The Evidence Portal

Self-reflection or journaling

Flexible activity

Self-reflection or journaling activities offer an outlet for self-expression and reflection on emotional or cognitive responses to program sessions and lessons learned throughout the program. In this activity, program participants are tasked with keeping a journal of their thoughts, feelings and emotions in response to program content, or in general throughout the duration of the program. This can be kept private and for the personal development of the participants, or shared with program facilitators as a mode of tracking and feedback.

Self-reflection or journaling activities can be a critical component of skill-building and practice for self-awareness, mindfulness and self-regulation. This activity can enable participants to freely document their feelings, thoughts and emotions to stimuli they’re exposed to throughout the duration of a program, and reflect on their bodily and emotional responses to these stimuli. Similarly, self-reflection and journaling can offer a means of at-home practice of mindfulness and relaxation.

How can it be implemented?

As noted, journals and outputs from self-reflection exercises can be undertaken for the personal development of the participants and kept private or shared with program facilitators. Whether participants are required to share their self-reflection or journals should be considered in light of the scope of content participants are asked to reflect on, and the participants’ willingness to share the content.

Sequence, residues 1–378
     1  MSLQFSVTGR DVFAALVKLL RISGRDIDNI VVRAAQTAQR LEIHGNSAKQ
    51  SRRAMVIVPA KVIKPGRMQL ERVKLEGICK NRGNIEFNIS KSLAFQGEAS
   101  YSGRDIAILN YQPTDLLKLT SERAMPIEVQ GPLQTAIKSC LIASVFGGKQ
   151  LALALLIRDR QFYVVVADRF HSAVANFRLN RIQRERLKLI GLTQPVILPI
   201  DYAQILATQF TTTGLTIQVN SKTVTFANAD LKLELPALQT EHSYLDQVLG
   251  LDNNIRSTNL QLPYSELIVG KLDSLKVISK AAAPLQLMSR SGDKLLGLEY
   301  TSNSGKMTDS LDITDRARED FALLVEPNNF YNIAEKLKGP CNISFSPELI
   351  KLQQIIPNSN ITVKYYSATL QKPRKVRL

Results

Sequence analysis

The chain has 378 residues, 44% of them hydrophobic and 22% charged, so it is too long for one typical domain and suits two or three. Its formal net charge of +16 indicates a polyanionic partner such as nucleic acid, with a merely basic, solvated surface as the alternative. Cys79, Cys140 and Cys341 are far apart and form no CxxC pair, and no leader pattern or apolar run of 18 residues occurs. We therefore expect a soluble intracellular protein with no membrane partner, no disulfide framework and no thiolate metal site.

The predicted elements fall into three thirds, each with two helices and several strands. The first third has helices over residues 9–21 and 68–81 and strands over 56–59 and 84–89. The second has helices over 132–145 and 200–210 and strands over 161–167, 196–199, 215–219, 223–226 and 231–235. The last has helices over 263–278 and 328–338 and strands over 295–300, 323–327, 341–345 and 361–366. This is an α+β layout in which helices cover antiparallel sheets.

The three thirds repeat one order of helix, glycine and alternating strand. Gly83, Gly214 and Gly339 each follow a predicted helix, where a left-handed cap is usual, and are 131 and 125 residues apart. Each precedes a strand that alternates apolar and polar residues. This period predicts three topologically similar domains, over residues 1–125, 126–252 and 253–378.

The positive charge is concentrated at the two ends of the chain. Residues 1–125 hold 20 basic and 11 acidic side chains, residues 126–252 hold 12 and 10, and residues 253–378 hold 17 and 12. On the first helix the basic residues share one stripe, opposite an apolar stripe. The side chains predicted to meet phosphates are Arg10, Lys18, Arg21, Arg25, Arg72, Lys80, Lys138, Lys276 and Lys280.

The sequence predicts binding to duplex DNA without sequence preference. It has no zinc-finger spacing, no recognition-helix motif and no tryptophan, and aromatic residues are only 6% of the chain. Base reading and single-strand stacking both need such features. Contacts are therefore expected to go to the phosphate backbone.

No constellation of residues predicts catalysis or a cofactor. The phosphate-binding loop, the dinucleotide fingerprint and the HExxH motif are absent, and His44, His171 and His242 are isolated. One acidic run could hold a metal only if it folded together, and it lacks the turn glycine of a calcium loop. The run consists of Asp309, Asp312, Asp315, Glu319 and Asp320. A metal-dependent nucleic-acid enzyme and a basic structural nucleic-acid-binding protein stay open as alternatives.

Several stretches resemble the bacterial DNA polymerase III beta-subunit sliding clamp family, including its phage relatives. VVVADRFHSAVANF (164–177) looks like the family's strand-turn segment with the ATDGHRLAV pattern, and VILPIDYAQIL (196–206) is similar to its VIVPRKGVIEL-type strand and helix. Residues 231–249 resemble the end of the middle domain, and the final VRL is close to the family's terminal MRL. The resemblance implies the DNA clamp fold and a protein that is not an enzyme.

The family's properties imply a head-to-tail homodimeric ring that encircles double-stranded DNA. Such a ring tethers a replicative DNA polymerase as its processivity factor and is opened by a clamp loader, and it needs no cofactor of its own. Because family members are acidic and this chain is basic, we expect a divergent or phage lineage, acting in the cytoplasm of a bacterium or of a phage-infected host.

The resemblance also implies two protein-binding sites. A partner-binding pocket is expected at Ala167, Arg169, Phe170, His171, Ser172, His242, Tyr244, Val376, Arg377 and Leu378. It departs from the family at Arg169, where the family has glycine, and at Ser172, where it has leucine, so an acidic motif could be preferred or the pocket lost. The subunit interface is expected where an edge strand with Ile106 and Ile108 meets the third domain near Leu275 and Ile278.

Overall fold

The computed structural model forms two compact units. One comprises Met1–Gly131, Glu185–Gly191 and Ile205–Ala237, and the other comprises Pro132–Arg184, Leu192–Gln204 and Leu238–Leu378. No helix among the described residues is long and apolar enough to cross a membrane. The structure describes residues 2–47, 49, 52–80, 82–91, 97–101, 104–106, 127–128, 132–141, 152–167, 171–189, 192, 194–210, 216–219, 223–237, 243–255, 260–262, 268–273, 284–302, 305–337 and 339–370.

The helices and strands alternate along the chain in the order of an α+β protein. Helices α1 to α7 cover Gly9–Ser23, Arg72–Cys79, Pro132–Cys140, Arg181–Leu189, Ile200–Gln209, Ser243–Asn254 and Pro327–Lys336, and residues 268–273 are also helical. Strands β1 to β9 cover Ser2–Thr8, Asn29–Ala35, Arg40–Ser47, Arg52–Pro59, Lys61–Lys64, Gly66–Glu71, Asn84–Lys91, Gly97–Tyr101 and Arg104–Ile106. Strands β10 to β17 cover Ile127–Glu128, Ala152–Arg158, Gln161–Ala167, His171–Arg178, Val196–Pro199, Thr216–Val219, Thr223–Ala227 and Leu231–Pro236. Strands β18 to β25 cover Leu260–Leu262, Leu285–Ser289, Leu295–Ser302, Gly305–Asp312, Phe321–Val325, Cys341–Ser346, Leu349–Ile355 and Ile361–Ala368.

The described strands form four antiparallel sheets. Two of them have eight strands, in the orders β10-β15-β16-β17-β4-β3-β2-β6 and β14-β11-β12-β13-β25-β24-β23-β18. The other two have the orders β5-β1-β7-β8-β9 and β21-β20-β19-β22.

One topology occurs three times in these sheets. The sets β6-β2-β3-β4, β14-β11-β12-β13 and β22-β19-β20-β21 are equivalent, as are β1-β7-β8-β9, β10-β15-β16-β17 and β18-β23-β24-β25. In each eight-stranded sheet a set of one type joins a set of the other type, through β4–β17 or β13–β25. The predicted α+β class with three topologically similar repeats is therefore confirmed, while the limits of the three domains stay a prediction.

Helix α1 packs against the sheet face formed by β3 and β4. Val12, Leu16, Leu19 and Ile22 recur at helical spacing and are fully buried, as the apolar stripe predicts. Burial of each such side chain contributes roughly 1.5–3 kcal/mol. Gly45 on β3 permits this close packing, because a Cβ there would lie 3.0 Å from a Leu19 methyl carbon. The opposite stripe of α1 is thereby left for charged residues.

Journaling and self-reflection tasks can be designated during a program session, however the journaling activity itself is best undertaken by the participant on his/her own, or during individual work sessions in a safe and supportive environment.

Who is the target group?

This flexible activity has been implemented with a number of different target groups. Key characteristics include:

  • School students
  • Young women aged 12-24 with high rates of problem behaviours at school, poor academic performance and truancy
  • Adolescent boys attending an alternative high school for students who have struggled with behaviour problems in traditional school settings

What programs conduct this activity?

  • In the Kripalu Yoga in the Schools (KYIS) curriculum, journaling about ways to de-stress was incorporated as part of a broader yoga program designed to encourage social interaction and activities for self-discovery.
  • In REAL Girls, self-reflection was undertaken in individual and group sessions, and recorded in a personal journal. Reflection focused on participants’ program experiences.
  • The Council for Boys and Young Men program incorporated journaling as an activity to aid reflection around issues of unhealthy masculine norms, diversity, friendships, mentoring, goals and bullying.

What else should I consider?

Journaling and self-reflection activities have the potential to prompt emotional responses or self-awareness that may require additional support and guidance from program facilitators.  

Further resources

Last updated:

24 Nov 2022

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